Is it really selfishness when we want the best for the ones we care about? This question is raised and it would seem like the answer is obvious. However, there are many more factors to consider. Do we really want the best for them? Or do we want what benefits us the most? Perhaps we want what we think is best for them, without taking into account other outside components. Siddhartha is a prime example with his son. Ever since the death of Kamala, their son has been in need of discipline and is often rude to his own father. However, Siddhartha pushes all of this aside and continues to shower him with love. This doesn’t fix anything, and his son becomes more distant with him than ever. Siddhartha thought that pampering his son was the best solution, but what caused him to come to this conclusion? Is this what he really thinks is best for his son? Or is a good relationship with his son all he wants? While the book doesn’t quite elaborate on this, the possibilities are endless. This also brings up another point — why do we feel the need to protect our loved ones, and make decisions for them? Is this what’s best for them, or ourselves? Are there ulterior motives that can be played into this, even if it isn’t on purpose? This question can only be answered depending on the person, but it only goes to show the complexity of human nature.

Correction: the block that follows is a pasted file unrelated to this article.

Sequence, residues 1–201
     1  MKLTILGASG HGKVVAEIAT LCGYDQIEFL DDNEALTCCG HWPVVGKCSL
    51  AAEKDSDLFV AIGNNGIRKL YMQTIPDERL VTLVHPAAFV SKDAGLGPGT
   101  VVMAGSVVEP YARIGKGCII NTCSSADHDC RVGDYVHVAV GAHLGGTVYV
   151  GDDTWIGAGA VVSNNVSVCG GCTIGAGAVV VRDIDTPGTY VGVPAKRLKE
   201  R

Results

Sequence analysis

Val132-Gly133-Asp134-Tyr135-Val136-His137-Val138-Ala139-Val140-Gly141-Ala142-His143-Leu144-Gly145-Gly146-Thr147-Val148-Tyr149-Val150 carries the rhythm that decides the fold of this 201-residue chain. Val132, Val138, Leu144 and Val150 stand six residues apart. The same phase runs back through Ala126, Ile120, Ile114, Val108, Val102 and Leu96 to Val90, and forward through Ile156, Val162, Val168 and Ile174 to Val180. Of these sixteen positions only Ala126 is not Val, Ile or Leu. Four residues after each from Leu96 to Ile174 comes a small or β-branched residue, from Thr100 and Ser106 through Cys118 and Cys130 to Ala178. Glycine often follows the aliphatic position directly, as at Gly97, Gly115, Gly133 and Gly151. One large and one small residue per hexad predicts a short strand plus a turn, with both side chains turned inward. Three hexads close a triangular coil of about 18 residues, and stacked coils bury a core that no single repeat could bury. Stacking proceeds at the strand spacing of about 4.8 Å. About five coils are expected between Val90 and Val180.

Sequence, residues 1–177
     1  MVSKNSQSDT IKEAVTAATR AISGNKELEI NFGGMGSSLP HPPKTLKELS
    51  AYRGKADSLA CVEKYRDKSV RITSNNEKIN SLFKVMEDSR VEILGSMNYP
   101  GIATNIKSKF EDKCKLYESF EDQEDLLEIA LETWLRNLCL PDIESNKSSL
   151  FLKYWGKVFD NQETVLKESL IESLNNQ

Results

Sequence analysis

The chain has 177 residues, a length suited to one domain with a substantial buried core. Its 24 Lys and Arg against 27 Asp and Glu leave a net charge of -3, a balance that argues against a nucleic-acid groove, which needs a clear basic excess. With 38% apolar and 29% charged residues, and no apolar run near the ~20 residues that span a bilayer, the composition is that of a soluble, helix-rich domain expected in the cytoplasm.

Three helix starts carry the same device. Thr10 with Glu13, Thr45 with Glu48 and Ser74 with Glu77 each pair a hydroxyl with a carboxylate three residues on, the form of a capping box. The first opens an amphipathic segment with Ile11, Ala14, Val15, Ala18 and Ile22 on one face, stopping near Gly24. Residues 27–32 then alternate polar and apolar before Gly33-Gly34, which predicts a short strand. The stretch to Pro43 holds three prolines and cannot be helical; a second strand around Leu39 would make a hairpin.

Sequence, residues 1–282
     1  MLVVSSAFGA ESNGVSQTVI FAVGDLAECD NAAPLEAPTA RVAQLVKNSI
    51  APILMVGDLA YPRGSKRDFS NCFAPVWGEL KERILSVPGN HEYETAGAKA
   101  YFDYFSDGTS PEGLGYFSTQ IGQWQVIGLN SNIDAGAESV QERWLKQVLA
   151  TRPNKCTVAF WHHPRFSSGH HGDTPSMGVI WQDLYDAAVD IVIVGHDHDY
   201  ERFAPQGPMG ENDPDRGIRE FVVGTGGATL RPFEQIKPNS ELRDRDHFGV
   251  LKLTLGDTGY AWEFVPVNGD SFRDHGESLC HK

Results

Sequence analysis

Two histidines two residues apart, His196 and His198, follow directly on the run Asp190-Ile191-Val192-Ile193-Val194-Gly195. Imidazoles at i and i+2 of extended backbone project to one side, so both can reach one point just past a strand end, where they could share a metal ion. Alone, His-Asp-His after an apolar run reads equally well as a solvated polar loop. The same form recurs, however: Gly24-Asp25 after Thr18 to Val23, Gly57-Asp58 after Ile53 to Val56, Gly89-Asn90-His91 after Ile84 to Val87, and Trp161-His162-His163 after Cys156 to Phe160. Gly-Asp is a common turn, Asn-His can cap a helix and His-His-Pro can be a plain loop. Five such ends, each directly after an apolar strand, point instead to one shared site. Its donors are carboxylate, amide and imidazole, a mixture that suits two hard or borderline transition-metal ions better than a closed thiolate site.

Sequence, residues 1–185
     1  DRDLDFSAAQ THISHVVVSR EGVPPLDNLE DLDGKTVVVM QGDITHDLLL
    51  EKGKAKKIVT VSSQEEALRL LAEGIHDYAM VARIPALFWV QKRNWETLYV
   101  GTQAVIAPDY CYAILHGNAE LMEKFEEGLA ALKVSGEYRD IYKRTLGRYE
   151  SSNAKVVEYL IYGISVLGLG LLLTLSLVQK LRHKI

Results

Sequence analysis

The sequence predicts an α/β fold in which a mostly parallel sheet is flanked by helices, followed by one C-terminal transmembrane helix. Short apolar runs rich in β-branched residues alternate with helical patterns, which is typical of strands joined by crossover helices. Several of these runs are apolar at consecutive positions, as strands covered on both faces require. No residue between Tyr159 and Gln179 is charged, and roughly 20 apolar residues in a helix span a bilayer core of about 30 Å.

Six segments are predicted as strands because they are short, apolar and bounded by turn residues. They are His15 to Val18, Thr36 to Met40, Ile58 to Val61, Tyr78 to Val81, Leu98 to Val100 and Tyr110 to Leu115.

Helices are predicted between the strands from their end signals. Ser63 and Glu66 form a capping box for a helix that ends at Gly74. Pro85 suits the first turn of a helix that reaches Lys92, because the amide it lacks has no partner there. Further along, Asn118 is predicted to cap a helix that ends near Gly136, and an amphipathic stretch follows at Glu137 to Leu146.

We often make risky decisions for the sake of love. We change ourselves to impress those we care about. We feel the need to take control over those we love. Is it really all worth it? Going back to the original question, why do we still continue to love even when we are aware of the outweighing consequences? We shouldn’t feel the need to achieve the approval of others, especially those that we love. Genuine love is the kind when we appreciate each other the way we truly are. Otherwise, it’s all just fake. They don’t love you. Just another version of you. If we don’t stay true to ourselves, we end up losing ourselves. We want to fulfill our desires. We want the approval of those we love. But we should also consider the outcomes that may occur as well. We need to be careful, and truly think about what is best for us, even if we may not like it.